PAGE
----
Interview with Talitha Kuomi

As the coordinator for the Independent Designer Partnership program, I’ve seen so many fantastic patterns & met so many wonderful people that I’m so happy to share with the knitting world! As an ongoing series, I’m going to be posting interviews with many of the designers, to get to know them & see what motivates them in their designing.

First up is Talitha Kuomi. You’ve probably seen her adorable patterns already – Loved, the super cute crown; Shines, the cheery City Tweed pillow; and her new pattern released this week, the ultra soft & cuddly Line Upon Line. To me, her designs are so whimsical & unique and I am so happy to have her be part of the program

How long have you been knitting?

Since I was 12. I sat down one afternoon and taught myself to knit from my ‘Pioneer Girl’s Manual’. I learned to crochet from that same book on the same afternoon. Once I start something that I really like, I can get sort of overly-focused on it.

What motivated you to learn to knit?

To get my next little badge for the infamous ‘Pioneer Girl’ sash (in retro kelly green no less) I had to complete both the knit and the crochet sections of my handbook. I still have that badge. It’s now sewn onto my ‘taking a trip’ sized backpack along with patches from most everyplace I’ve ever been.

The famous badge!

Who taught you to knit?

That handbook started to teach me. There have been many others since then. Lots of local yarn store owners along the way helped me with a tricky technique or some new stitch that baffled me. My cousin Meri was the one who pointed out that I wrapped my purl stitches backwards which showed up as a very obvious problem when I was knitting in the round one Thanksgiving sitting near her and whatever pair of socks or fingering weight gloves she was knitting at the time. In the last year, since I’ve discovered Ravelry, oh so many video tutorials and descriptive patterns have helped me immensely. Also, each Wednesday night the girls in the Taunton Stitch’n’Bitch help to smooth the still rough edges on my skills.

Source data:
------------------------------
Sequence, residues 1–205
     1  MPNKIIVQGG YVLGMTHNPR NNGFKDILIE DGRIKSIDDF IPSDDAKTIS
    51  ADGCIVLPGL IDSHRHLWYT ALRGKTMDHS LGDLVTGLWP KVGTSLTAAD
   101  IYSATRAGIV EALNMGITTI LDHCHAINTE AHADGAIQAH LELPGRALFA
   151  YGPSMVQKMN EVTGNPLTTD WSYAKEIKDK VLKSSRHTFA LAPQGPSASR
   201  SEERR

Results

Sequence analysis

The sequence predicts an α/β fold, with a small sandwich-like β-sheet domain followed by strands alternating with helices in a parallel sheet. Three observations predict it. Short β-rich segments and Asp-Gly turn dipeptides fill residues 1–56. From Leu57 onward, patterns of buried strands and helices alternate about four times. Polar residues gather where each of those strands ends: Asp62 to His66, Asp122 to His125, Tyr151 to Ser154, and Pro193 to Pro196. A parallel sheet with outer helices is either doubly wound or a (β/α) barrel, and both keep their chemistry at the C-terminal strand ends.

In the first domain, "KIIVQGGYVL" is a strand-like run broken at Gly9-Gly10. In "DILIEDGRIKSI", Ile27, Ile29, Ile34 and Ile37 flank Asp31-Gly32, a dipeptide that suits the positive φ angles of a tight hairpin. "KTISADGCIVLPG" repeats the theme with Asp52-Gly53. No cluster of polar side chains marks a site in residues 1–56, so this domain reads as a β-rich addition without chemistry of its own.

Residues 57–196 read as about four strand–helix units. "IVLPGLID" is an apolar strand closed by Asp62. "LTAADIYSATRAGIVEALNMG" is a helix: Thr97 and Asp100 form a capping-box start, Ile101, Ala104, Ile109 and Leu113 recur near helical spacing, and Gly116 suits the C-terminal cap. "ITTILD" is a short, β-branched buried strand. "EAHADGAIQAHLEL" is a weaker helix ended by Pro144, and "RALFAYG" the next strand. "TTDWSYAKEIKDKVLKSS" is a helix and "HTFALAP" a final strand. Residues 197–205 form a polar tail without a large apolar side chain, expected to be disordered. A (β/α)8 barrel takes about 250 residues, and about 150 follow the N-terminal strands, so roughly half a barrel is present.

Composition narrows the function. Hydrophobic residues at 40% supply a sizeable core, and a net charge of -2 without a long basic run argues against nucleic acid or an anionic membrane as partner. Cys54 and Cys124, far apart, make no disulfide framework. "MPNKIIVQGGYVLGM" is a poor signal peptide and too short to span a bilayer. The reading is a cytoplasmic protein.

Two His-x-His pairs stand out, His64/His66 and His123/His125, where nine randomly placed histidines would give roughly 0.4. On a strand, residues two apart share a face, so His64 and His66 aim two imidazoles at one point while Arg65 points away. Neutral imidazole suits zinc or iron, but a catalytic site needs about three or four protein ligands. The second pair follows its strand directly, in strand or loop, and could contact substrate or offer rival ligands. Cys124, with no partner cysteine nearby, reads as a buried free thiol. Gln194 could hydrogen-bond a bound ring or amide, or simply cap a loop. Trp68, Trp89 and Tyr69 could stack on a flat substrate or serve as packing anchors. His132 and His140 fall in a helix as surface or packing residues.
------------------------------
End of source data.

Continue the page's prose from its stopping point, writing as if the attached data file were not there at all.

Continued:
What was your first project?

The first that I remember was a neon orange and white striped scarf. I had honestly forgotten all about it when I found it one day in a bag of stuff my Mum had saved from my childhood bedroom. My 10 year old quickly claimed it as her own.

What is your favorite fiber to work with?

I could never choose just one favorite, and I warn you that the fibers I lean toward tend to contradict each other. I really approve of natural stuff like silk, hemp and pure cottons. That said, my life with three small children and their ‘often at our house’ friends, prefers yarn that will machine wash and machine dry. Recently I have discovered ‘tarn’ (yarn made of recycled t-shirts). This makes both the Mama in me and the recycler in me very happy. Right now two of the projects currently on my needles are in Knit Picks’ own Comfy Bulky which is so, so soft. How a yarn feels is a huge factor in whether or not I’ll use it more than once. And my friends would say I was not telling the whole story if I didn’t mention my love of super bulky yarns. The thicker the fiber, the better I like it. I get teased plenty for the huge needles it takes to knit up the heavy yarns I love most.